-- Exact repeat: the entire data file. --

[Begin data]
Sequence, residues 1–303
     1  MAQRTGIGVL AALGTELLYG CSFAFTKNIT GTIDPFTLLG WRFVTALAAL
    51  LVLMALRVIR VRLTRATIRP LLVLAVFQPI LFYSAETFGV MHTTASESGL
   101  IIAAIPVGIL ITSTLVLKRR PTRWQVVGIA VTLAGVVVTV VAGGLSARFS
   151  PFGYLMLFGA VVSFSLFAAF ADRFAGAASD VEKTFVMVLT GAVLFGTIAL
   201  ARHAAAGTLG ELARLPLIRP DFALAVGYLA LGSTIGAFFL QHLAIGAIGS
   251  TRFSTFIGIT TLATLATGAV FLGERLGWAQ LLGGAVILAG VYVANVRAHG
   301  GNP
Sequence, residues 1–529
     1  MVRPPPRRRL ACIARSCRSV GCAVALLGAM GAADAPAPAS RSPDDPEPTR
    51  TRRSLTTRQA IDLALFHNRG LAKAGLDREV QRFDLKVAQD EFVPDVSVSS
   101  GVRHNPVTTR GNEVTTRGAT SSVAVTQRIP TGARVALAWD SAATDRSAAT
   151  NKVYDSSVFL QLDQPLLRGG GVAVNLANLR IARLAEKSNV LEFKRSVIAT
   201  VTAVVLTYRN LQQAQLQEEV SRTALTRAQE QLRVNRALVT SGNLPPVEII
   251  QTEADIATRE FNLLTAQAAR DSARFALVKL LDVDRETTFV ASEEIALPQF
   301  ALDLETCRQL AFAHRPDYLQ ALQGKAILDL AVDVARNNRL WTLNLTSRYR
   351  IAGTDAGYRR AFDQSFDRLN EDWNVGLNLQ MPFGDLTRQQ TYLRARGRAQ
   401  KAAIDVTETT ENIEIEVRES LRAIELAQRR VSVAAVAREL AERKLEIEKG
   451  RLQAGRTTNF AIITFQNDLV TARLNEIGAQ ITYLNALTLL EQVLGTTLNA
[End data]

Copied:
Sequence, residues 1–303
     1  MAQRTGIGVL AALGTELLYG CSFAFTKNIT GTIDPFTLLG WRFVTALAAL
    51  LVLMALRVIR VRLTRATIRP LLVLAVFQPI LFYSAETFGV MHTTASESGL
   101  IIAAIPVGIL ITSTLVLKRR PTRWQVVGIA VTLAGVVVTV VAGGLSARFS
   151  PFGYLMLFGA VVSFSLFAAF ADRFAGAASD VEKTFVMVLT GAVLFGTIAL
   201  ARHAAAGTLG ELARLPLIRP DFALAVGYLA LGSTIGAFFL QHLAIGAIGS
   251  TRFSTFIGIT TLATLATGAV FLGERLGWAQ LLGGAVILAG VYVANVRAHG
   301  GNP
Sequence, residues 1–529
     1  MVRPPPRRRL ACIARSCRSV GCAVALLGAM GAADAPAPAS RSPDDPEPTR
    51  TRRSLTTRQA IDLALFHNRG LAKAGLDREV QRFDLKVAQD EFVPDVSVSS
   101  GVRHNPVTTR GNEVTTRGAT SSVAVTQRIP TGARVALAWD SAATDRSAAT
   151  NKVYDSSVFL QLDQPLLRGG GVAVNLANLR IARLAEKSNV LEFKRSVIAT
   201  VTAVVLTYRN LQQAQLQEEV SRTALTRAQE QLRVNRALVT SGNLPPVEII
   251  QTEADIATRE FNLLTAQAAR DSARFALVKL LDVDRETTFV ASEEIALPQF
   301  ALDLETCRQL AFAHRPDYLQ ALQGKAILDL AVDVARNNRL WTLNLTSRYR
   351  IAGTDAGYRR AFDQSFDRLN EDWNVGLNLQ MPFGDLTRQQ TYLRARGRAQ
   401  KAAIDVTETT ENIEIEVRES LRAIELAQRR VSVAAVAREL AERKLEIEKG
   451  RLQAGRTTNF AIITFQNDLV TARLNEIGAQ ITYLNALTLL EQVLGTTLNA